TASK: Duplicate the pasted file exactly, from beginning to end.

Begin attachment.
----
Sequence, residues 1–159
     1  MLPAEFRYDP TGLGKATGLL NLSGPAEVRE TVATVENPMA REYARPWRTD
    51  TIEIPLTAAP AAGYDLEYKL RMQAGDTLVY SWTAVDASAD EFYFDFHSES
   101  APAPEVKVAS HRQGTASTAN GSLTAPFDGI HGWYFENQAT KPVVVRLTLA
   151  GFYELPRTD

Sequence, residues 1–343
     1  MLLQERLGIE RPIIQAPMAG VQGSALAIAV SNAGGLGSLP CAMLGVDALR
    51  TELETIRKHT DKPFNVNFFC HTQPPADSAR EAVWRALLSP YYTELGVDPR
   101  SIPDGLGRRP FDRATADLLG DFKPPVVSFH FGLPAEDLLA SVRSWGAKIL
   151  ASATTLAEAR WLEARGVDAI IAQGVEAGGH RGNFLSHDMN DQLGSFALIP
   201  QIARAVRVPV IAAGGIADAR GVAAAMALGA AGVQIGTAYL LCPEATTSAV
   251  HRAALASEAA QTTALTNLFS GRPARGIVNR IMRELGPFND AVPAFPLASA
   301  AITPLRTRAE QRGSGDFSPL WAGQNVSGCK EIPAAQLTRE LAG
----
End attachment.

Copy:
Sequence, residues 1–159
     1  MLPAEFRYDP TGLGKATGLL NLSGPAEVRE TVATVENPMA REYARPWRTD
    51  TIEIPLTAAP AAGYDLEYKL RMQAGDTLVY SWTAVDASAD EFYFDFHSES
   101  APAPEVKVAS HRQGTASTAN GSLTAPFDGI HGWYFENQAT KPVVVRLTLA
   151  GFYELPRTD

Sequence, residues 1–343
     1  MLLQERLGIE RPIIQAPMAG VQGSALAIAV SNAGGLGSLP CAMLGVDALR
    51  TELETIRKHT DKPFNVNFFC HTQPPADSAR EAVWRALLSP YYTELGVDPR
   101  SIPDGLGRRP FDRATADLLG DFKPPVVSFH FGLPAEDLLA SVRSWGAKIL
   151  ASATTLAEAR WLEARGVDAI IAQGVEAGGH RGNFLSHDMN DQLGSFALIP
   201  QIARAVRVPV IAAGGIADAR GVAAAMALGA AGVQIGTAYL LCPEATTSAV
   251  HRAALASEAA QTTALTNLFS GRPARGIVNR IMRELGPFND AVPAFPLASA
   301  AITPLRTRAE QRGSGDFSPL WAGQNVSGCK EIPAAQLTRE LAG